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Leave Russia or stay? Tough decisions for businesses



(Paris) Some foreign companies are beginning to announce their withdrawal from Russia, a movement initiated by the oil sector, but for many groups present in the country it seems difficult to repatriate factories or supermarkets overnight.

Sunday, on the fourth day of the Russian invasion in Ukraine, the British oil company BP announced that it was disengaging from the Russian giant Rosneft, in which it holds a 19.75% stake, denouncing “an act of aggression which tragic consequences across the region”.


An employee fills the tank of a car at a BP gas station in Moscow, Russia, July 4, 2016. The sign reads ‘Thank you for choosing us! “. BP announced that it was disengaging from the Russian giant Rosneft, in which it holds a 19.75% stake.

Among those following in his footsteps, his compatriot Shell indicated on Monday that it was parting with its shares in several joint projects with the Russian group Gazprom in Russia, in particular its participation in the Sakhalin-2 gas project in the Russian Far East. .

Their Norwegian competitor Equinor announced the end of its investments in Russia and its withdrawal from its joint ventures in the country. Equinor is 67% controlled by the Norwegian state, whose sovereign fund will also freeze its investments in Russia.

The world’s leading manufacturer of heavy goods vehicles, the German Daimler Truck, for its part, suspended “until further notice” its activities in Russia, including cooperation “of a civil nature” with the truck producer Kamaz which also supplies Russian army.

Despite everything, “it is very difficult for any company with an activity in Russia to leave now”, summarizes for AFP Guntram Wolff, director of the Brussels think tank Bruegel.

“Already because the Russian central bank prohibits the sale of financial assets, and also because even if these sales were authorized, the ruble has lost its value so much that the losses would be enormous”, he points out.

Several analysts agree that it will be difficult for BP to sell its shares at their real value ($14 billion at the end of 2021). The group has also warned that it will record a charge in its accounts for the first quarter of 2022, which will be published in May.

“For many companies, the question of leaving does not arise, they are stuck because they have significant assets and assets in Russia which are not at all liquid”, production sites for example which they cannot not close or resell “overnight”, adds Sébastien Jean, director of the Center for Prospective Studies and International Information.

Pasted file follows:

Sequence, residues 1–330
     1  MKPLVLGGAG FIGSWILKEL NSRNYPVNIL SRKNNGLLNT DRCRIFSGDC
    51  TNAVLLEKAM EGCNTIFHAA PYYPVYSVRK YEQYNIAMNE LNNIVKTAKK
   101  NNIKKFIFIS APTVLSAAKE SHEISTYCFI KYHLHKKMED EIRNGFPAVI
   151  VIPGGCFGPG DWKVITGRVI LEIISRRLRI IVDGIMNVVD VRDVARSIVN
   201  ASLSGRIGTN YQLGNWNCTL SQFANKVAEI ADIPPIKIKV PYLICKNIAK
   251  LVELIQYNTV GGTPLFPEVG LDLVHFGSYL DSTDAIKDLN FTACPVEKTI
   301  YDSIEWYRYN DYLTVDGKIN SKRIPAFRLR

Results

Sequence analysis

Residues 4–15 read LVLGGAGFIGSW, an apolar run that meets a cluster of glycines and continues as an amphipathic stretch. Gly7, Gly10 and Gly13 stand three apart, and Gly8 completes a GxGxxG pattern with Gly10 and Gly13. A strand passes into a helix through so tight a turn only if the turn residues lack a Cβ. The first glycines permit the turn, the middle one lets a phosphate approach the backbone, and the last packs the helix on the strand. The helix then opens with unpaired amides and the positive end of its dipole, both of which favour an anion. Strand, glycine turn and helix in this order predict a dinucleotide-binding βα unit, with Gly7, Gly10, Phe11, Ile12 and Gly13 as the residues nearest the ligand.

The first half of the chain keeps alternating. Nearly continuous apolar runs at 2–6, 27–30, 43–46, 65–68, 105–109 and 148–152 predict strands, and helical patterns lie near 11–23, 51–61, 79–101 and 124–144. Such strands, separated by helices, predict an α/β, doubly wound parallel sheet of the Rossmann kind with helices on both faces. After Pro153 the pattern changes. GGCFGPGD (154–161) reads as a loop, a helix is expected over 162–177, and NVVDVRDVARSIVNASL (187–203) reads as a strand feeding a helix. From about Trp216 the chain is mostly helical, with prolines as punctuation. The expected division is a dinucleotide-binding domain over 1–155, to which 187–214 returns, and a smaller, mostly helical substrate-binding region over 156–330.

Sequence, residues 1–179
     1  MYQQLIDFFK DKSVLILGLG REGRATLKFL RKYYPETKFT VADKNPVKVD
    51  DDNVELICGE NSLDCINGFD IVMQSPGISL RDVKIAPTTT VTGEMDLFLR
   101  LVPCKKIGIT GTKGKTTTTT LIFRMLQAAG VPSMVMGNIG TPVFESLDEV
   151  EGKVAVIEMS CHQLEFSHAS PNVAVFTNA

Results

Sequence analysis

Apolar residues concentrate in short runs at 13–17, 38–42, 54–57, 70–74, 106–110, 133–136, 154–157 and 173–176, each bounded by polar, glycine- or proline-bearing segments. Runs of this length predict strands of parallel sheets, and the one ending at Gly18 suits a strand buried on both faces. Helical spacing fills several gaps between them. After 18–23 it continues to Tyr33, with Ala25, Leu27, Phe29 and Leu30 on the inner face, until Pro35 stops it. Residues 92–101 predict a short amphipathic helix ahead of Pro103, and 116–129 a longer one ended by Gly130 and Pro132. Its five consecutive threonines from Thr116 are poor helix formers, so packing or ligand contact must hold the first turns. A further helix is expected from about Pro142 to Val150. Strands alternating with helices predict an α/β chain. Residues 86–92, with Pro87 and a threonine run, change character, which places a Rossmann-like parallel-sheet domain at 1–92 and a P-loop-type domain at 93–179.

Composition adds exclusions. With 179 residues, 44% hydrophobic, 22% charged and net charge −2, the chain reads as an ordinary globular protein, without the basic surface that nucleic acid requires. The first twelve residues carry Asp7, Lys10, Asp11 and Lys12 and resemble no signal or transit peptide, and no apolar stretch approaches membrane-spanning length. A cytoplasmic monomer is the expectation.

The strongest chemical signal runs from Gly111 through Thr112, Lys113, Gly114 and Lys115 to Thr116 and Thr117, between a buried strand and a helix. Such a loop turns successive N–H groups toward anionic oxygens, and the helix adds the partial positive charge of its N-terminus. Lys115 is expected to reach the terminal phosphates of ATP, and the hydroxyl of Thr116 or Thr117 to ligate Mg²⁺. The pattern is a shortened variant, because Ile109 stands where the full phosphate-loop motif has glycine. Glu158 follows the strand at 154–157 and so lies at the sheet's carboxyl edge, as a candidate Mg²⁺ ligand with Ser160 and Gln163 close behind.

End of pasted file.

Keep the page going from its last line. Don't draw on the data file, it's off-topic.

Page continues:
Minute-by-minute tracking

The war in Ukraine and the heavy sanctions imposed on Russia by Western countries are plunging foreign groups “into great uncertainty about what will be the evolution of the Russian economy in the months to come, and also about what will be the sanctions in return from the Russians, many may fear seizures of some of their assets or expropriations”, underlines Sébastien Jean.

Among the most exposed sectors is energy. The Austrian oil and gas group OMV, which notably owns 24.99% of a gas field in Siberia and which co-finances the Nord Stream II gas pipeline, told AFP “constantly assess the situation to take possible measures if necessary” .

“For the moment, the sector is not under sanctions because of its importance in the energy supply, but we are following this and the decisions that can be taken”, declared Monday on BFM Business the general manager of the nuclear group. French Orano, Philippe Knoche. Russia represents “2% of our trade, so it remains an extremely limited impact,” he said.

With 30,000 employees, 240 stores and 3.2 billion euros in turnover in Russia, the French distributor Auchan also says that it is following “this file minute by minute”. Just like the local teams of the French agri-food giant Danone (5% of income generated in Russia, around 8,000 employees), which “Obviously follows the situation closely and puts in place all the necessary actions to ensure the safety of its employees and the continuity of its activities”.

The Danish brewer Carlsberg, 8,400 employees in Russia, interviewed by AFP, said to continue its operations in Russia “in compliance with the sanctions put in place”.

However, the Russian market “is not large enough for it to be a structural danger for many companies”, relativizes Sébastien Jean.

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